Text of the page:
The Sterling plummeted Wednesday while U.S. Dollar rallied


The British Pound tumbled down today due to a fresh inflation report. According to new data, U.K. consumer prices increased much more than analysts calculated. Investors fear that the British economy may be hurtling toward a deep recession. Moreover, they expect the Bank of England to hike its rates less aggressively next month.

Matthew Ryan, the Head of Market Strategy at Ebury, noted that the Sterling declined against other major currencies after another upside surprise in the latest British inflation data. Meanwhile, the outlook for the U.K. economy is still relatively murky, with rising consumer prices and borrowing costs. The government is also in chaos, with its credibility taking a hit. That doesn’t inspire much confidence in investors. Besides, there is a lot of uncertainty as to the pace of upcoming BoE interest rate hikes.

The sterling shaved off 0.57% on Wednesday, exchanging hands at $1.12570. Britain’s annual consumer price inflation soared to 10.1% in September, jumping higher than expected. It returned to a 40-year peak reached in July. Market participants expect the Pound to trade under pressure in the short term. Aside from the outlook for surging inflation, there is a possible economic recession to consider. The latter could cause the BoE to increase rates by 75 basis points instead of 100 bps at its November meeting.

On Wednesday, the U.S. dollar rallied by 0.2% to 149.61 yen versus the Japanese currency, hitting this point for the first time since August 1990. The greenback remained at a 32-year high against the Yen during this session. It also managed to rebound from a two-week low against a basket of major currencies. Overall, the dollar index jumped by 0.7% to 112.74 today after plunging to the lowest level since October 6 at 111.76 in the previous session.


What caused the U.S. dollar’s sudden rally? 

The greenback is one of the most popular safe-haven currencies on the market. It declined this week as some upbeat earnings followed the bearish trade in equities globally. However, inflation news in Britain and the Japanese Yen’s continued drop strengthened the dollar, along with traders pricing for two more 75 bps rate increases from the Federal Reserve this year. The agency focuses on surging inflation and aims to bring it down even if the process results in an economic recession.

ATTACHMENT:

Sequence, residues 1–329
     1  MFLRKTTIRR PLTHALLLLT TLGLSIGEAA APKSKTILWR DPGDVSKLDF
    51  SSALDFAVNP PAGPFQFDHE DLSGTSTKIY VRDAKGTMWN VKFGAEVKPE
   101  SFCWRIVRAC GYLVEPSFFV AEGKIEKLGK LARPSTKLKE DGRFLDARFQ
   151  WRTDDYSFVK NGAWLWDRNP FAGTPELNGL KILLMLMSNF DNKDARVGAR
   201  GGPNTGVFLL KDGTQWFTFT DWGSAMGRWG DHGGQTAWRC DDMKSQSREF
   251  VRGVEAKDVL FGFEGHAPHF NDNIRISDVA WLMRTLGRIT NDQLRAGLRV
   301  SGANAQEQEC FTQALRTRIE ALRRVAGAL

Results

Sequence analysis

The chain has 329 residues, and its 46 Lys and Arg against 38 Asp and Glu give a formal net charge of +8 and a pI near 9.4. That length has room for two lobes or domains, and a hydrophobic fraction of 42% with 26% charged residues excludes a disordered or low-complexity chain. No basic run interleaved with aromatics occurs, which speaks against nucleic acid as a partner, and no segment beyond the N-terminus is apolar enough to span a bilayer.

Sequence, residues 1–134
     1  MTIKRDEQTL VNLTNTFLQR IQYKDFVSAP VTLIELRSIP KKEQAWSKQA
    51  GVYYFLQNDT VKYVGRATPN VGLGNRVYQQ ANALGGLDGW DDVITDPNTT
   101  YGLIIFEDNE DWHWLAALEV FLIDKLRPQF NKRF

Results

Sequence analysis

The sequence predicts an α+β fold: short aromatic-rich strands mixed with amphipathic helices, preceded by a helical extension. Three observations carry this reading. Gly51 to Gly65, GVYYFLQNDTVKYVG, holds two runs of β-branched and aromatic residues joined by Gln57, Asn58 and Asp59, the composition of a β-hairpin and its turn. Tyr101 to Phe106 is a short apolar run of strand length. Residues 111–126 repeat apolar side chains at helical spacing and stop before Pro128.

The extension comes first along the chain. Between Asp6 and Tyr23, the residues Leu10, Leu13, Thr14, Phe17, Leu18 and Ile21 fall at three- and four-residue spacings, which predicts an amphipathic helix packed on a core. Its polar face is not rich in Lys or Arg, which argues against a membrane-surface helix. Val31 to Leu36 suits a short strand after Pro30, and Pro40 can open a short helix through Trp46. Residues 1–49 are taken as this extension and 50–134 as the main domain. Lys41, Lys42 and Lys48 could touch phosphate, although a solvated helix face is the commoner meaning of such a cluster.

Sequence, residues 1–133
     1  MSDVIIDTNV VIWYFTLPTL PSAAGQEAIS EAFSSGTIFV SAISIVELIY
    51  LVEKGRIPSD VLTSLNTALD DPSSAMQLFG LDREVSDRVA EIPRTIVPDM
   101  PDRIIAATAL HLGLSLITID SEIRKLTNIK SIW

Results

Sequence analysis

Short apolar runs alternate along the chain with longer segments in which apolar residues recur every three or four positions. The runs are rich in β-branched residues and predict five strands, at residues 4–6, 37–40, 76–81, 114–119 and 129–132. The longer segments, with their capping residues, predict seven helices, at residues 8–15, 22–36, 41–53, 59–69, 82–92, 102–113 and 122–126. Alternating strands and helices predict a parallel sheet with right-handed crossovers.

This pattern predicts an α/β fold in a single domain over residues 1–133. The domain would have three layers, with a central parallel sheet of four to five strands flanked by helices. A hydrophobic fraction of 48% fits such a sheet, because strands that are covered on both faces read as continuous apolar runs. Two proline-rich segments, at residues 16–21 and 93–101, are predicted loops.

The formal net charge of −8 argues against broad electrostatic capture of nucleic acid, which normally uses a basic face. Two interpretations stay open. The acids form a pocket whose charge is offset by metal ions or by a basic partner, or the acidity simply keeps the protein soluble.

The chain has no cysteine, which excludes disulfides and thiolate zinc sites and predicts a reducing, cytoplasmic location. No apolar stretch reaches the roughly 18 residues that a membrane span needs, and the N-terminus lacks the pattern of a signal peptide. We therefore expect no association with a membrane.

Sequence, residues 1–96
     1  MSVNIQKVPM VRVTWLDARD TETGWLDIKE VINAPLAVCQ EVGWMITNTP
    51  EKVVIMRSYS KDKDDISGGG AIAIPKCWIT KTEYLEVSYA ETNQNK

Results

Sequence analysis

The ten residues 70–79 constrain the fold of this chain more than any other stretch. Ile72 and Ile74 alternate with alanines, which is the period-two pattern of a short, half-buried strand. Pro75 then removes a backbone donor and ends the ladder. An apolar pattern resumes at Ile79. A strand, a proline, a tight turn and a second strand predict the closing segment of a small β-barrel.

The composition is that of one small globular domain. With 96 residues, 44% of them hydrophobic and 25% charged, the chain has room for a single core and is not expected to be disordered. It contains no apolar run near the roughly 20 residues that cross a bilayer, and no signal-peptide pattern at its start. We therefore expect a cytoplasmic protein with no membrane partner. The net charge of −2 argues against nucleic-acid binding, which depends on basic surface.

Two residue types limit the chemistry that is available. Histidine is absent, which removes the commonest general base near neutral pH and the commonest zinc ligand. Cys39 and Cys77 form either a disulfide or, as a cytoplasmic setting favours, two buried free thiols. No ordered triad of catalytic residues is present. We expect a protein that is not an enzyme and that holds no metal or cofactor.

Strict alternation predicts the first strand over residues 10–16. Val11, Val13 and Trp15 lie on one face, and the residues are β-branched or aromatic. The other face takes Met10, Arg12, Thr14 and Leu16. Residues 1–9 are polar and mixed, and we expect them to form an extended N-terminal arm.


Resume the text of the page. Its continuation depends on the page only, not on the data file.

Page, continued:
Meantime, the struggling Japanese Yen remains in the spotlight. Investors are waiting for the Bank of Japan and the country’s Ministry of Finance to step into the FX market again, especially with the USD/JPY pair moving toward the key psychological barrier at 150.

On Wednesday, Japanese Finance Minister Shunichi Suzuki stated that he was closely watching currency rates. The government will likely intervene again if the Yen continues trading at dangerously low levels.

Unlike other central banks, the Bank of Japan refuses to tighten its monetary policy to hinder inflation. It focuses on underpinning a suffering economy instead. However, such a decision pushes traders toward other major currencies, causing the Yen to decrease.

In Europe, the euro also plummeted by 0.8% to $0.97800 on Wednesday. It dropped from Tuesday’s high of $0.98755; a level last reached on October 6. Analysts expect the European Central Bank to hike rates by another 75 bps on Thursday of next week.

On the other hand, the New Zealand dollar continued rallying. This week, it gained 2% thanks to Tuesday’s consumer price data. The latter raised investors’ expectations that the Reserve Bank of New Zealand would continue aggressive tightening. The Kiwi exchanged hands lower by 0.16% at $0.56770 compared to Tuesday’s two-week high of $0.5719, but it was still on the high level.


How are the EM currencies faring? 

South Africa’s rand tumbled down on Wednesday against the dollar. The new data showed consumer inflation slowed for a second consecutive month in September, but it wasn’t enough to boost the currency. The rand shaved off 0.3% against the greenback in early trading.

Simon Harvey, the head of FX analysis at Monex Europe, noted that the data came in largely as economists expected. As a result, it has had a largely limited impact on the rand.

Overall, EM currencies dropped by 0.2%, while stocks declined by 1.2%. The Chinese Yuan also fell versus the U.S. dollar. The Polish zloty and the Romanian leu ended in the red, while the Czech crown traded flat against the euro. However, the Hungarian forint soared by 0.3% against the common currency.


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